There’s an interesting fall-out to this year’s election season: an amazing amount of “Monday morning quarterbacking”.
With the election results being what they are, it’s difficult to read much media that doesn’t include someone’s attempt at explaining exactly why things turned out the way they have, as well as trying to understand exactly why it seemed such a big surprise.
I realized yesterday that the election results have impacted me at a deeper level than I originally anticipated it would. I posted on Facebook that I was still in the throes of “post-election depression”. My productivity and ability to focus has been impacted. I’ve had a difficult time actually sitting down to write content for Ask Leo! as I have in the past, for example.
One person mentioned the five stages of grief: Denial, Anger, Bargaining, Depression, and Acceptance. It’s a model that seems to fit, and I’m currently, and solidly, at stage four.
Falling back to meditative practice and even some Buddhist philosophy, the key to moving on would appear to be gratitude. How timely, then, that tomorrow is Thanksgiving.
I don’t consider myself a conservative. But then I also don’t consider myself a liberal. Rather than aligning myself with one set of policies or philosophies my approach is to take it all one issue, or one candidate, at a time. I’d probably call myself a “free thinker”, but I’m afraid that term has overly-liberal connotations to those on the right.
One of the things that this recent election cycle has made crystal clear is the existence of, and the dramatic impact, of what we’ve come to refer to as the “echo chamber”. By exposing ourselves to only those ideas and ideals with which we agree we deny ourselves the opportunity to objectively evaluate opposing views and values. If you lean liberal, for example, not only are you more attracted to like-thinking opinions and sources of information, but social media – specifically Facebook – reinforces that environment by showing primarily things that agree with its perception of what you “like”, and are thus more likely to interact with.
This isn’t good. This isn’t healthy. This isn’t how rational and reasonable discourse happens.
As part of a recent talk to a group of university students, I emphasized my biggest “if I had to do it over again” thought: I wished I’d spent more time in English class. The big lesson was that I’d undervalued writing and communication skills as I made my way through school. In hindsight that was a mistake.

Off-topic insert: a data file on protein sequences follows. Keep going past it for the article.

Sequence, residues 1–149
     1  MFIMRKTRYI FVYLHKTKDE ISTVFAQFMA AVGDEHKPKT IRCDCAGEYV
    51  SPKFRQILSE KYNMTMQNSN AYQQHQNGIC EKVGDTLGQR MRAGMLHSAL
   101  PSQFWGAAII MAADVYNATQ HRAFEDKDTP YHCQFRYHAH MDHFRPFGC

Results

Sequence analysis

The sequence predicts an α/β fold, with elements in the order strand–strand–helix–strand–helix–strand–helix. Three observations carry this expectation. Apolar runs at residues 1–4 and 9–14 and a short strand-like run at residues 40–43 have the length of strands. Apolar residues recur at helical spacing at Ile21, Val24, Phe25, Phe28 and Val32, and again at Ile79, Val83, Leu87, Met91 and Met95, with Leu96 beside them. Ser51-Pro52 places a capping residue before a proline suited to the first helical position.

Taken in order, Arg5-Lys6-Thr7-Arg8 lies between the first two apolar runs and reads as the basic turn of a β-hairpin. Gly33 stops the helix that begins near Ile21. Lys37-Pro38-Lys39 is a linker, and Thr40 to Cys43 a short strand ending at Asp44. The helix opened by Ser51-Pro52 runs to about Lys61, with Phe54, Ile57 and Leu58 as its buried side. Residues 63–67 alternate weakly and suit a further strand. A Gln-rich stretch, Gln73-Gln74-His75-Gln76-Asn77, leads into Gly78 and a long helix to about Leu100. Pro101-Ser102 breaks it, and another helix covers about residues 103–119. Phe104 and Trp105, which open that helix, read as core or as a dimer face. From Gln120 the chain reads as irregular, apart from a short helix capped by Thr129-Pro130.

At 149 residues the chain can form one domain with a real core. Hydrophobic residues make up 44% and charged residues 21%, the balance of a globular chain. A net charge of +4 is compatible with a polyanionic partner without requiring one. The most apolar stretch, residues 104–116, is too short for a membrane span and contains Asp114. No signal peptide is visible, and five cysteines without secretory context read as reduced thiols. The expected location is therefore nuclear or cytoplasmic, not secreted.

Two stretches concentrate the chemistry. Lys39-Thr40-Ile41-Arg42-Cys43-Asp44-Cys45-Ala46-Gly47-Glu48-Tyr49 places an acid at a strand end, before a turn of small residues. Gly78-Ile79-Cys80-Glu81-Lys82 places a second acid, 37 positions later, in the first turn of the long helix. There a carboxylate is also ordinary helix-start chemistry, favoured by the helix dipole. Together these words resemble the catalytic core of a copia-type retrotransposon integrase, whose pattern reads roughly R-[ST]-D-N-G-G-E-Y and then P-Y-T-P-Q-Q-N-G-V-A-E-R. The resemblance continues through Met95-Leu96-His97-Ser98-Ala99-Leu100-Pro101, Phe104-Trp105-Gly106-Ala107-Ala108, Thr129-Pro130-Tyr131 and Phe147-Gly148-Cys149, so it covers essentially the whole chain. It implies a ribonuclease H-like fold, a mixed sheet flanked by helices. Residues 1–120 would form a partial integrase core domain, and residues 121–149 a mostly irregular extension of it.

It’s something I’ve written about before. I wished I’d done things a little differently and invested more time and energy on those skills.
Having a discussion with someone and the concept of who (not what) I’m writing for came to mind.
This personal blog is easy: I’m writing purely for myself, and anyone that cares to pay attention is welcome to do so. Similarly, everyone else that cares to ignore it is also more than welcome to do that, too.
No, this is more about my professional writing efforts over at Ask Leo!.
I just signed up for a monthly cash donation to the Electronic Frontier Foundation (EFF), increasing my support of that organization.
I want to share a little about why.
I’m not expecting anyone who reads this to follow suit … though of course, it’d be great if you did. What am expecting is that if you’ve read this far you’re open to thinking about the issues at hand, and taking action that you feel is appropriate in the face of changes in the current political climate.
I’m dumbfounded by the results. Like many I never thought someone this clearly unqualified for the job stood a chance of getting it.
I’m ashamed of the results. “We the people” are not at all who I thought were were. I am ashamed of the fact that so many people honestly, truly believe that someone who speaks to the worst in human nature would be the better choice to lead this country.
I’m embarrassed by the results. Nothing more publicly demonstrates what “we the people” really are than who we elect to lead us. We’ve just confirmed every outrageous stereotype of “the ugly american” to the rest of the world. As a people we are more like him than not. And that’s embarrassing.